My belly was full, but it was this moment, above all, that left me satisfied. A moment that may not have been experienced if it were not for the kind of personalized tour we took. Being shown around by a docent that was well connected with the society of vendors, allowed me and the others in my group to become closer to the heart that is Bangkok – it’s people.
Thinking of traveling to Bangkok soon? Don’t miss Context Tour’s Authentic Thai Market Tour.
The tour takes about 3 hours and is $50 per person, quite a great deal. You can book it here: Authentic Thai Market Tour.
Street Food in Bangkok is a phenomenon, to say the least. It may be the one single reason why people visit this Southeast Asian City. There are a lot of food options in Bangkok, but the best are always the ones recommended by a local. There’s a company named, With Locals, that facilitates the process by connecting you with a person that actually lives in the town to help you get the best and most authentic experience. There’s a lot of things to do in Bangkok, but whatever you do, make sure you don’t miss out on local experience.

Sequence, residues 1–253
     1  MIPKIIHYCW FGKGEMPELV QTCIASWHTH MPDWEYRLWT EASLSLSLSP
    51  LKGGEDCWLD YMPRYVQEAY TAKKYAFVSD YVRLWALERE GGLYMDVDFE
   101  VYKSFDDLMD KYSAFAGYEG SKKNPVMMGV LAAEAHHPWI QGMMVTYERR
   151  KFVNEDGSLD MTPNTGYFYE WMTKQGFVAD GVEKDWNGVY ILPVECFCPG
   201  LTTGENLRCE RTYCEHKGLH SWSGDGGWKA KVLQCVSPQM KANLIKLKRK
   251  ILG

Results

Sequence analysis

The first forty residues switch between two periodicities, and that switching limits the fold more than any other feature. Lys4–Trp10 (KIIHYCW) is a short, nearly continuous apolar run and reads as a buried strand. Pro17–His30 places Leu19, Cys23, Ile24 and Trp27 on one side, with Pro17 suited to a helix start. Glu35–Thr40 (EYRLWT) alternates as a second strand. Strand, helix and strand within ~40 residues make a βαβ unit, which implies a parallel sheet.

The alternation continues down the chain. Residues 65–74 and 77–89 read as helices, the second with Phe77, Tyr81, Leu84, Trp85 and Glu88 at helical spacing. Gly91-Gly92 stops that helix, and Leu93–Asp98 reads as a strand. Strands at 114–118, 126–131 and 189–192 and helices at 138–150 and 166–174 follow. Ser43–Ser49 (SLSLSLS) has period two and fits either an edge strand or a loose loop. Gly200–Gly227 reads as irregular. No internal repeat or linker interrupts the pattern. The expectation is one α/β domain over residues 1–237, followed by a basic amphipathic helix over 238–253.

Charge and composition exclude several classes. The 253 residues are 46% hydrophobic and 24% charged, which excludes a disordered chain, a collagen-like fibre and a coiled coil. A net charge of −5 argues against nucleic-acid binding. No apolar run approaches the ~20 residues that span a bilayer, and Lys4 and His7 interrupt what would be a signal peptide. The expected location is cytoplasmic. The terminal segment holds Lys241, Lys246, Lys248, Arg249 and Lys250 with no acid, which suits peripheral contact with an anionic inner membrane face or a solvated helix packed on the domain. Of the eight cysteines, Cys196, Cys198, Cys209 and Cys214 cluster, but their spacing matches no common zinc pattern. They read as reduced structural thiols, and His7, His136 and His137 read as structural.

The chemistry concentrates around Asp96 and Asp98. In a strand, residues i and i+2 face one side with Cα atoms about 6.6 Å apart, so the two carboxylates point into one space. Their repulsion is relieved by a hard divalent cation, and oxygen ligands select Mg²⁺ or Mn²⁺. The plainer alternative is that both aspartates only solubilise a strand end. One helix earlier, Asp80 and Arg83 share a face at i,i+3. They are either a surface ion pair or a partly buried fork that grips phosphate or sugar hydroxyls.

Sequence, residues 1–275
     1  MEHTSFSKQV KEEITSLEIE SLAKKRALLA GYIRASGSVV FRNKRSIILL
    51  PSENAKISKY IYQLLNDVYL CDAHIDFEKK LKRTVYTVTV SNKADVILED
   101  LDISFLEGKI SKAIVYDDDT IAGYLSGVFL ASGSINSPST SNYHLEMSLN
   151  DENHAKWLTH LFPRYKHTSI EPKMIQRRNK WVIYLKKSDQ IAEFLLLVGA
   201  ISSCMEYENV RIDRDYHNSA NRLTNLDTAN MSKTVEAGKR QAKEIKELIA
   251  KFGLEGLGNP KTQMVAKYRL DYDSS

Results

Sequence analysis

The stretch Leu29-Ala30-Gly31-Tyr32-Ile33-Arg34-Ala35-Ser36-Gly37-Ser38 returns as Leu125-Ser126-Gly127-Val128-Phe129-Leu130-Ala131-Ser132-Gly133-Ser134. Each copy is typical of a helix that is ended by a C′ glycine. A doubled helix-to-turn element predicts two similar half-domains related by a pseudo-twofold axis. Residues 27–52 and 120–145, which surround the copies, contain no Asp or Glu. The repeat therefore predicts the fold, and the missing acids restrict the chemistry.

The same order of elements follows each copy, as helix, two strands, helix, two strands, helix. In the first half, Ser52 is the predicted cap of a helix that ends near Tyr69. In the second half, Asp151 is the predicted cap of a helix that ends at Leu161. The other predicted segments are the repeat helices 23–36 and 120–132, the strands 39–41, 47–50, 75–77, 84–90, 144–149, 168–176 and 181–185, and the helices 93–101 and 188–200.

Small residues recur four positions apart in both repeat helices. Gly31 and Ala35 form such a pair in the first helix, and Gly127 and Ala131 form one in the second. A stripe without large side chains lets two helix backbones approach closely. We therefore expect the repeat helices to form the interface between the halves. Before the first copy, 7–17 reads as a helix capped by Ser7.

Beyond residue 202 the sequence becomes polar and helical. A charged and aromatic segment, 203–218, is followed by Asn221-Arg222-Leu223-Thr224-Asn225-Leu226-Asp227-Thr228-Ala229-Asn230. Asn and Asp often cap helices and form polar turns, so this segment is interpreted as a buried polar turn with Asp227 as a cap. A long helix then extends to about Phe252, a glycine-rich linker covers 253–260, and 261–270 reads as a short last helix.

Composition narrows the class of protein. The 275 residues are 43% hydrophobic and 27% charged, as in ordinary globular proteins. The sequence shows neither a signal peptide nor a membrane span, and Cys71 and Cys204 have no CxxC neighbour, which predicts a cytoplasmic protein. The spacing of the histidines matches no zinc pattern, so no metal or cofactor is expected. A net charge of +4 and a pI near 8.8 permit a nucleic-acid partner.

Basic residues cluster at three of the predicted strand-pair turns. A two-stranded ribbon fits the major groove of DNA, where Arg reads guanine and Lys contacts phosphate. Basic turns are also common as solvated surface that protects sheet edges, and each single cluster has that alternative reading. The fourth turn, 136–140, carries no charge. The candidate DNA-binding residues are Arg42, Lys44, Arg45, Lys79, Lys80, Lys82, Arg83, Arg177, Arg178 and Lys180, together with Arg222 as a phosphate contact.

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Brenda’s Short Travel Guide to Bangkok:
We flew into Bangkok’s Don Muang Airport on Air Asia from Kuala Lumpur . The flight took almost 2 hours. The flights cost us $75 one way for all 3 of us. If you’re flying internationally from another continent, the airport used is called Suvarnabhumi International Airport.
We took a taxi from the airport for $20 into the Lat Phrao neighborhood (on the outskirts of the city center), which took us about 45 minutes.
Where to Stay: